Unlike other German destinations, Baden-Baden was largely untouched by the devastation of the World War, a fact that contributes largely to its old-world charm. The Lichtenaler Allee, which runs beside the River Oos, is filled with roses and exotic trees; elsewhere, gracious gardens and Victorian edifices provide the backdrop to relaxed exploration, with sherbet-coloured buildings and cosy cafés, plus a handful of churches, both gold-bulb-topped Russian and charmingly traditional English.

Head to the cobbled square between the town’s two thermal baths; here lies the Fettquelle fountain: the misty plumes you see rising from the grates are not those of a city-wide steam system, as they are in New York, but of the thermal waters themselves. For those wishing to stretch their legs and horizons even further, Baden-Baden is, of course, nestled in the foothills of the Black Forest, which offers hikers a multitude of trails.

If it is views without exertion you crave, then the funicular railway – the longest and steepest in Germany – soars to the summit of the 2,191-foot Merkur Mountain and offers a panorama of surrounding mountains, far distant cities and of the ruins of the Hohenbaden Castle. The latter, too, is well worth a visit, even were it not for the absence of an entry fee. Occupied between the 11th and 15th centuries, it offers secret dungeons, maze-like passageways and a castle keep, which can be accessed for incredible views by way of steep staircases.

The region is home to no fewer than six championship golf courses, including the Baden-Baden Golf Club which, founded as it was in 1901, is Germany’s third-oldest. With its claim to be one of Germany’s finest natural golf courses, what it lacks in ostensible difficulty (its 4,260m, par 64 length, falls short of many other championship courses) it makes up for in subtlety, with even experienced golfers often struggling to achieve scores in line with their usual levels.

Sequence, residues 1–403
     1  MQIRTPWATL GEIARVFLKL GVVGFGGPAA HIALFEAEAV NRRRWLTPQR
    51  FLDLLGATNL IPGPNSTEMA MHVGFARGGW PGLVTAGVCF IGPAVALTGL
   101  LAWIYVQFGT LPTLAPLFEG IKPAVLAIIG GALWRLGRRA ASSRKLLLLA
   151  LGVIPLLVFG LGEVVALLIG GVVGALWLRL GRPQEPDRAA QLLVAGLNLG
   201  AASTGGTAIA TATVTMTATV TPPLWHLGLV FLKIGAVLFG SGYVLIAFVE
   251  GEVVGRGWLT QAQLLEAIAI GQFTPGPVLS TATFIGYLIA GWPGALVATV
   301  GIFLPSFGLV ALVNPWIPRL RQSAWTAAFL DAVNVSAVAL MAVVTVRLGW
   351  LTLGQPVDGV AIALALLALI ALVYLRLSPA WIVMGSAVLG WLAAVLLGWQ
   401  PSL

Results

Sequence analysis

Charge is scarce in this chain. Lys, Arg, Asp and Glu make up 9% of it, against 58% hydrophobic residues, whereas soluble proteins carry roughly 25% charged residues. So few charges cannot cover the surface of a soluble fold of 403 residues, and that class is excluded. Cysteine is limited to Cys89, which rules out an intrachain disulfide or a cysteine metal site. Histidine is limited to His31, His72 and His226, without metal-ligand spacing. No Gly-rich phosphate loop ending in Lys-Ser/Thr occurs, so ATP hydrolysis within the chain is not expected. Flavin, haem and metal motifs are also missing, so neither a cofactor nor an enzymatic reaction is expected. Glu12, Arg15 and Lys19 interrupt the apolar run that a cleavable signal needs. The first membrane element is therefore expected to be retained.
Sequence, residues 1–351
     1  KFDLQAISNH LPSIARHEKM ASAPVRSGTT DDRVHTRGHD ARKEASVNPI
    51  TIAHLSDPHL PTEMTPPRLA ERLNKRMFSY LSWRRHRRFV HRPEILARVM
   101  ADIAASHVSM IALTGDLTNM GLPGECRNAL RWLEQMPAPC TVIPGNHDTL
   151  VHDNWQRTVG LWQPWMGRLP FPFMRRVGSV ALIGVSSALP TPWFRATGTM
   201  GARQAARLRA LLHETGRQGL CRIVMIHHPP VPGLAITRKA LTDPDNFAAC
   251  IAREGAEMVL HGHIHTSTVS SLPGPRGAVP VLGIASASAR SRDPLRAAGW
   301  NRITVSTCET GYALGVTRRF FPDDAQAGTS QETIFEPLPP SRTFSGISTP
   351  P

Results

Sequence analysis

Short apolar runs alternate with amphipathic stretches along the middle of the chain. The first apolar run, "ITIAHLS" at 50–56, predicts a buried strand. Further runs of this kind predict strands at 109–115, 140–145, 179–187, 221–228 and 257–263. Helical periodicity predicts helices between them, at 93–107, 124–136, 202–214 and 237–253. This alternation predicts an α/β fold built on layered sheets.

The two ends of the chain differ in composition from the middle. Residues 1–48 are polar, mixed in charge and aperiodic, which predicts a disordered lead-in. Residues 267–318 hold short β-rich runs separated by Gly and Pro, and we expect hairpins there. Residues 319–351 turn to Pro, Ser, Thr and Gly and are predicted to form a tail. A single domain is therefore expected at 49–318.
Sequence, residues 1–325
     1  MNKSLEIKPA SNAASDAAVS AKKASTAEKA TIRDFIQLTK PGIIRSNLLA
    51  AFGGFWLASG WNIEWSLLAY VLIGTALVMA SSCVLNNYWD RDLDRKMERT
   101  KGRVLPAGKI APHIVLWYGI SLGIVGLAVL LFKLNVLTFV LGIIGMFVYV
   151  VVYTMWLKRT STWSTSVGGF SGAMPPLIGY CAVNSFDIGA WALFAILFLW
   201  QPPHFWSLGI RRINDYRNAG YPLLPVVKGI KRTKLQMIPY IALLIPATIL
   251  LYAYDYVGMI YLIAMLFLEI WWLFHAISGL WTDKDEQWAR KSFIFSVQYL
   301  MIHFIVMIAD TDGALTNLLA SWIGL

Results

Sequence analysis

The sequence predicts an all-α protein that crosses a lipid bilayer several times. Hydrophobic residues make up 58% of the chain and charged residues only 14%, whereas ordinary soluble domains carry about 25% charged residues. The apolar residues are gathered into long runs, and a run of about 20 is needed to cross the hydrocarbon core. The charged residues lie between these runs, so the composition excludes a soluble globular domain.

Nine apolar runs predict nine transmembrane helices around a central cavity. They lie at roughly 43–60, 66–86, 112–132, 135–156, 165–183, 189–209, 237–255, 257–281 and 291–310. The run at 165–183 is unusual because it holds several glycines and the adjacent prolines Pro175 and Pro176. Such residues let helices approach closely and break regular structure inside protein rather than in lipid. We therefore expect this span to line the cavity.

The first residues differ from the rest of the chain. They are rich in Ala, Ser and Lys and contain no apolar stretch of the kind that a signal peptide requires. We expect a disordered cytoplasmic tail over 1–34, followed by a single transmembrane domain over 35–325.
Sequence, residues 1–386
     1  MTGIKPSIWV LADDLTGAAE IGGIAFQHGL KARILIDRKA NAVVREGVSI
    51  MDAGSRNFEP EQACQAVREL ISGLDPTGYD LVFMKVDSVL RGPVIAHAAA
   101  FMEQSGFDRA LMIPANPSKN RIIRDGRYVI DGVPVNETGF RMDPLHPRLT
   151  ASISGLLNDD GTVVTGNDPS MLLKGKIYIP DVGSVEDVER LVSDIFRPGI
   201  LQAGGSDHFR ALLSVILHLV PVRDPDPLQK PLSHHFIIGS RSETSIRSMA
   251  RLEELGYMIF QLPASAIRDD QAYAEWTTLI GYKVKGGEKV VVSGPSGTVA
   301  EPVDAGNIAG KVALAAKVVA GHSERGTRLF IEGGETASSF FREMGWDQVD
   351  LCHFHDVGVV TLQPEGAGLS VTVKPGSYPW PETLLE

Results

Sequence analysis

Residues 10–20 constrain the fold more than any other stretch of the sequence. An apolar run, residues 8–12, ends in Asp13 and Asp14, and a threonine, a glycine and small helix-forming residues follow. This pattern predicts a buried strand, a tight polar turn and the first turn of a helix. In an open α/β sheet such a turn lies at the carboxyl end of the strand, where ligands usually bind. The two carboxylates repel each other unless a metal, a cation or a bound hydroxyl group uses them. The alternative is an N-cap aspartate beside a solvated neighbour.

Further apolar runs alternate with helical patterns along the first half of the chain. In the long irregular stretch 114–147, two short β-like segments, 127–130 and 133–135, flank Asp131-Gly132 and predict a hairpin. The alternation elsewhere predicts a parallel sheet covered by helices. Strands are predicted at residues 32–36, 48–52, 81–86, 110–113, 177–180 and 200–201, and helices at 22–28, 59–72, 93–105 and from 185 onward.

And, of course, there’s the racing, which has taken place at the Baden-Baden Iffezheim racecourse since 1858, when enterprising Frenchmen Edouard Bénazet, who had already capitalised on the 1838 closure of Parisian casinos by launching Baden-Baden’s, saw an opportunity to create another glamorous draw for his clients.

Three meetings take place over the course of the year: The Spring Meeting at the end of May, the Sales & Racing Festival in mid-October and, perhaps most thrillingly, late August’s Big Week. Running this year from August 24 to September 1, this event has long been the pinnacle of German racing, with a generous helping of glamour thrown in, of course.

The involvement of Longines, as official timekeeper and sponsor, since 2011, has raised the profile of the event, attracting racegoers from all over the world. As relaxed as Baden-Baden usually is, it springs into a blaze of life for the occasion, and public spaces buzz with live music and pop up events, while the city’s remarkably upmarket retail spaces (one cannot see that the 2006 WAGs would have found anything to complain about here) are awash with stylish individuals completing their raceday look.